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Voyage to Crete: Falasarna
by Eti Bonn-Muller
July 27, 2009

Yesterday I spent the day in Chania before boarding the 8:30 a.m. bus to Falasarna, one of the westernmost points on Crete. Here, a team under the direction of veteran archaeologist Elpida Hadjidakis has unearthed a “closed” Hellenistic harbor in an unlikely place—dry land.

I caught up with Hadjidakis and the team on the first day of the dig season. The feisty, hands-on excavator, a self-proclaimed “harbor girl” who grew up in Chania and Athens, spoke with me as she scrutinized every centimeter of soil unearthed that windy day.

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The archaeologists (lower center) dig for the continuation of the harbor amid a dramatic landscape. Although they haven’t conducted formal excavations atop the hill behind them, they believe the acropolis of the ancient city was located there. The hill’s central chunk was lost in an as-yet-undetermined cataclysmic event.

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7 comments for "Voyage to Crete: Falasarna"

  • Reply posted by Jane Calvert Kimble (August 4, 2009, 7:43 pm):

    If you are studying a harbout, get an “old salt” and a builer and ask them when finds might have been located. The idea is that the ancients maybe did not build just by accident but from experience and would have picked certain site for certain construction.

         

  • Reply posted by Stéphane ORSINI (August 5, 2009, 1:29 am):

    Does someone know the signification of “Falasarna” ?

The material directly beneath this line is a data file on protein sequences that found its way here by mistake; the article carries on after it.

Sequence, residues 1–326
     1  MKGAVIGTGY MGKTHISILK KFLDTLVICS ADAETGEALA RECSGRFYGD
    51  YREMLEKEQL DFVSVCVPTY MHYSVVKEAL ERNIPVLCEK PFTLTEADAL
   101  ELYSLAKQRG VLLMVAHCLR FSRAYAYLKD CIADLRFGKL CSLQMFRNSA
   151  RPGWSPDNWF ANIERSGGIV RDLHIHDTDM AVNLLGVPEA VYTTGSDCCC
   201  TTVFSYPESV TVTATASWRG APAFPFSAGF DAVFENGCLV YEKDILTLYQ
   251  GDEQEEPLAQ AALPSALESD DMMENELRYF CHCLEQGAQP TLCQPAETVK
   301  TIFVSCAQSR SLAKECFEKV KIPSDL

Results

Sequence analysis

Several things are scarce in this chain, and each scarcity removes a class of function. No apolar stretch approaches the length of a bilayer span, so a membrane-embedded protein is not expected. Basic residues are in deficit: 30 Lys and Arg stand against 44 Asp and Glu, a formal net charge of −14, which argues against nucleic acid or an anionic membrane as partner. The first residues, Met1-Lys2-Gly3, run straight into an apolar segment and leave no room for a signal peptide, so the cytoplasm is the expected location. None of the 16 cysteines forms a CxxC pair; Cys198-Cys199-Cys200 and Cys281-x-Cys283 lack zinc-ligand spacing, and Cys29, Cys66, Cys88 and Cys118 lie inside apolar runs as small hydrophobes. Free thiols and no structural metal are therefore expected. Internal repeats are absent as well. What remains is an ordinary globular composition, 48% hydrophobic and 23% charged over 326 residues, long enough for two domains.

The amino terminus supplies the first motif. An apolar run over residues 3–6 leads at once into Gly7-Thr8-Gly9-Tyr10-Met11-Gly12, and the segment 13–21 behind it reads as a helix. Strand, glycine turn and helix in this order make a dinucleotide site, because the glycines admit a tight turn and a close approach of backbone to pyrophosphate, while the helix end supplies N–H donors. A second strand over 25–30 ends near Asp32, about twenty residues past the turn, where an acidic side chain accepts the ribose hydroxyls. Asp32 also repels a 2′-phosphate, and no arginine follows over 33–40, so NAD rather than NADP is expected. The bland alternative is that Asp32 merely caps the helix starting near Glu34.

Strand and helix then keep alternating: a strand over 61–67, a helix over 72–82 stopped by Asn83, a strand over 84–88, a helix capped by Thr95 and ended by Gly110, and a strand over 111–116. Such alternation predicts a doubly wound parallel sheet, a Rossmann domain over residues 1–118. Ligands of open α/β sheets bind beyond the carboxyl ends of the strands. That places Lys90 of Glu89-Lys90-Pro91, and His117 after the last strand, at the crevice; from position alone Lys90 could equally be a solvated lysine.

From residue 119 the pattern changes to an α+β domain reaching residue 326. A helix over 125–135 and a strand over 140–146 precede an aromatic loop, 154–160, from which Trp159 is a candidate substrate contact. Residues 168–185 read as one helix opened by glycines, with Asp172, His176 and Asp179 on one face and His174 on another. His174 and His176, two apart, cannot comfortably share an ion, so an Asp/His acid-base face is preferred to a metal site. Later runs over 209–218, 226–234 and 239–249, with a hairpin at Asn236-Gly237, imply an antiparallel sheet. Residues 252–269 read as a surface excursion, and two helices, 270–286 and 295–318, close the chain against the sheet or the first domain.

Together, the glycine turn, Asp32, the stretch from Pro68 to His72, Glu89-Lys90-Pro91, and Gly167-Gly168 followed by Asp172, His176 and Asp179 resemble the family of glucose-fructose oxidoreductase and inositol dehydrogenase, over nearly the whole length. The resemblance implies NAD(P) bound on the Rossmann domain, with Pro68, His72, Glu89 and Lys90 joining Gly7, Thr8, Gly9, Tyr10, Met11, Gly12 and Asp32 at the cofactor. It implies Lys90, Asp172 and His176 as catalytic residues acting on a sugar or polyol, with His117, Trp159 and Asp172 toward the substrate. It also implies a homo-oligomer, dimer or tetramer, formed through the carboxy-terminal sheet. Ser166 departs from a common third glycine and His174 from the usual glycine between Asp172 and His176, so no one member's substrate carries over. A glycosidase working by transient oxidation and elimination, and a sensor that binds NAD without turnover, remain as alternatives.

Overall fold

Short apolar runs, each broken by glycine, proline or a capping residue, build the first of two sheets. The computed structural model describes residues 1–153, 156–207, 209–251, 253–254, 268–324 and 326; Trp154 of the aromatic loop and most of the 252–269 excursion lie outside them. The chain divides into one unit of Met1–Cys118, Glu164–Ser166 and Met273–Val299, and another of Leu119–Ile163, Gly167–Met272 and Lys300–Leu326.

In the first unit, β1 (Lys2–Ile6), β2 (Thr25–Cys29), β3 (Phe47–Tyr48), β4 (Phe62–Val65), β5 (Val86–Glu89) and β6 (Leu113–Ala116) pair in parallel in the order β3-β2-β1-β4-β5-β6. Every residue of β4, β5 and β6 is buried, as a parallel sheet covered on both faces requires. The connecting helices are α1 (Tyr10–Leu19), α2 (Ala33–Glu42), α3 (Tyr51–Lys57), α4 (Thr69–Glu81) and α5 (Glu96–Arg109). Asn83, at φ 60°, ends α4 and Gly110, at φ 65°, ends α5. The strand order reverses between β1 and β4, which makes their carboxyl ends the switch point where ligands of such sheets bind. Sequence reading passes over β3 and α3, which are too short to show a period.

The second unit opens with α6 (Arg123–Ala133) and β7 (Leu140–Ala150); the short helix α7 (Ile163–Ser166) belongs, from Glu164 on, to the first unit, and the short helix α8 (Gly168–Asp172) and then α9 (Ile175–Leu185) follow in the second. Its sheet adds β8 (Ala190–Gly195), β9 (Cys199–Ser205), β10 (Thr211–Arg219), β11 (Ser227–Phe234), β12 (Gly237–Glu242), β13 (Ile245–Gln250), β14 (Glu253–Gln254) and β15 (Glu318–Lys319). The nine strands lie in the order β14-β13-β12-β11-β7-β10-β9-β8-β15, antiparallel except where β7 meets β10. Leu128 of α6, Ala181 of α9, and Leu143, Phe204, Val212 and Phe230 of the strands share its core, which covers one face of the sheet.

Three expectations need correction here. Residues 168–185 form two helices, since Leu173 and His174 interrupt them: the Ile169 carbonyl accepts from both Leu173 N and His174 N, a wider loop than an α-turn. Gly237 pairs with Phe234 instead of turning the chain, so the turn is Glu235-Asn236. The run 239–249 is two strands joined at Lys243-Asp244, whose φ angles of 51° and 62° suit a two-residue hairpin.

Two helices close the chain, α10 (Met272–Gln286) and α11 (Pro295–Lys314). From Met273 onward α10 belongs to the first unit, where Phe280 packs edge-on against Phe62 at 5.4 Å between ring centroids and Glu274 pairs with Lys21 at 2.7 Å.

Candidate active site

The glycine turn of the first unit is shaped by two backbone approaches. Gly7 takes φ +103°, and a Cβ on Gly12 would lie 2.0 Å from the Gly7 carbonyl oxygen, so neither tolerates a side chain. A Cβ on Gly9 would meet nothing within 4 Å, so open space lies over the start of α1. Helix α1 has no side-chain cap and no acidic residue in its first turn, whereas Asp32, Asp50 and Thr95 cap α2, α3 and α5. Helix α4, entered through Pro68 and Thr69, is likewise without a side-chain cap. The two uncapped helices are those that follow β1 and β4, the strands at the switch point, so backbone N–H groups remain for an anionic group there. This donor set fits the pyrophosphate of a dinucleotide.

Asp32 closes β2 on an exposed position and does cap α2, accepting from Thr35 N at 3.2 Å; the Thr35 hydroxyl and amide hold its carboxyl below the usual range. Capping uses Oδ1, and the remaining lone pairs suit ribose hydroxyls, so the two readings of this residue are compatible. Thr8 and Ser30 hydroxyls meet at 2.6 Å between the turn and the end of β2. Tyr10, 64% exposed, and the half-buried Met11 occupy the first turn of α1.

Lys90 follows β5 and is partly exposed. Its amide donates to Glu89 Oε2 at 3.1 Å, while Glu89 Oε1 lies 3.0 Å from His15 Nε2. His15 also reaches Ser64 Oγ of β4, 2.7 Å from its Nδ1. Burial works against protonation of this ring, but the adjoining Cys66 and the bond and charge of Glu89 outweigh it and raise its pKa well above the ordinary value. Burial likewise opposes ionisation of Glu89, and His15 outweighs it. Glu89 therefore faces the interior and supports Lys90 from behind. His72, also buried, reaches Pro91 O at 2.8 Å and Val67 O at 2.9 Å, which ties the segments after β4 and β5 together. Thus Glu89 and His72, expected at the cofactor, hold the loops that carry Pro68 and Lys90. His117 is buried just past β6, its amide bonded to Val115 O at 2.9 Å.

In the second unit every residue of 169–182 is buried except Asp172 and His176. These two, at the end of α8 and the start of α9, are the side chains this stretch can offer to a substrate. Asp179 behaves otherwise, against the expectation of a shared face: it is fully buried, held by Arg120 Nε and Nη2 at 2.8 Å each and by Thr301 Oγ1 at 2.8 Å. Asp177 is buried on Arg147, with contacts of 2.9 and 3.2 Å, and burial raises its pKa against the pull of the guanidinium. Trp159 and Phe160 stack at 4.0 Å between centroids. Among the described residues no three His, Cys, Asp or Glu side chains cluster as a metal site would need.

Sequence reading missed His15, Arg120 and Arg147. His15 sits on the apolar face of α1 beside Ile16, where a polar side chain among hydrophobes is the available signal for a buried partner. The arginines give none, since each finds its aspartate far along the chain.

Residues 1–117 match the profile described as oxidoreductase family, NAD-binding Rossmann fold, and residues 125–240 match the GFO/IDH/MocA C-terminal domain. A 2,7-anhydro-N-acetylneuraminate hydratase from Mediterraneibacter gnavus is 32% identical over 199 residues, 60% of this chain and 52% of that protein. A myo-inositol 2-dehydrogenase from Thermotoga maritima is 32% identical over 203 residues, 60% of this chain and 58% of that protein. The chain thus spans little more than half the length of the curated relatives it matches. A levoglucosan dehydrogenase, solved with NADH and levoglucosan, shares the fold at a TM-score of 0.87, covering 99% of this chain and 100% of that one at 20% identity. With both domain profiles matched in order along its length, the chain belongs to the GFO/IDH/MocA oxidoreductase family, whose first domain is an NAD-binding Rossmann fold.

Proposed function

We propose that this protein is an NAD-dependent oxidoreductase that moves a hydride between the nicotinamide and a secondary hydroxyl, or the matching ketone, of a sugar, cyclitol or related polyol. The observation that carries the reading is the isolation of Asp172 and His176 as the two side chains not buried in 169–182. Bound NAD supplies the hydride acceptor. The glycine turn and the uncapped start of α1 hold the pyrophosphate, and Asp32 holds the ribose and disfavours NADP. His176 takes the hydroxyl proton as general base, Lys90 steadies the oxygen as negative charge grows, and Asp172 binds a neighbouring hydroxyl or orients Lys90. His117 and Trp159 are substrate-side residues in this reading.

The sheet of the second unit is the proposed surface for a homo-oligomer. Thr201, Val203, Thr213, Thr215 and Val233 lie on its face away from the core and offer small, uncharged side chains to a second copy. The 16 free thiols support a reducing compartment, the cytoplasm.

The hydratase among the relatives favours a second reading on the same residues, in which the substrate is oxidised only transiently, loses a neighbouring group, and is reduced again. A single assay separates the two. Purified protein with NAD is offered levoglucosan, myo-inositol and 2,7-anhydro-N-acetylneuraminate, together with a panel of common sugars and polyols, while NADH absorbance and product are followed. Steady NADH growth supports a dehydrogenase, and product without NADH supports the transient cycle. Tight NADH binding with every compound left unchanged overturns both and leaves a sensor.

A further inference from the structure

Thank you for your response.

         

  • Reply posted by Michael Hill (August 20, 2009, 5:20 pm):

    Amazing!

         

  • Reply posted by Maximilian Sulpicius Stadler (September 22, 2009, 7:12 am):

    As far as I know Falasarna (resp. “Phalasarna”) was the name of a nymph, but I would be grateful if anyone could verify this by posting a trustworthy reference or even some background information on this nymph…

         

  • Reply posted by Aaron Batchelor (September 26, 2009, 11:48 pm):

    Any update on the “fallen tower” that lies at the site? I am not an archeologist but visited in 1997 and was amazed at the potential of this site.

         

  • Reply posted by woody (November 4, 2011, 4:04 pm):

    I was on this dig in ’91, I think it was. There is an acropolis there. I know we climbed up the rock face to get there. Very steep. It’s an Hellenistic period site. The entire western part of Crete was lifted out of the ocean a few meters over time due to earthquakes and/or plate techtonics. Very remote. Would love to go back some day.

         

  • Reply posted by Daniela Letts (January 23, 2012, 2:13 am):

    Just wondering if the dig is still continuing? and how it is going?
    The comments on site are all dated 2009 and I wondered what progress had been made?
    What is required to be part of the dig? how to get there? rules that apply? any time frame for staying? nearby accommodation?
    Thanks for any feedback.

         




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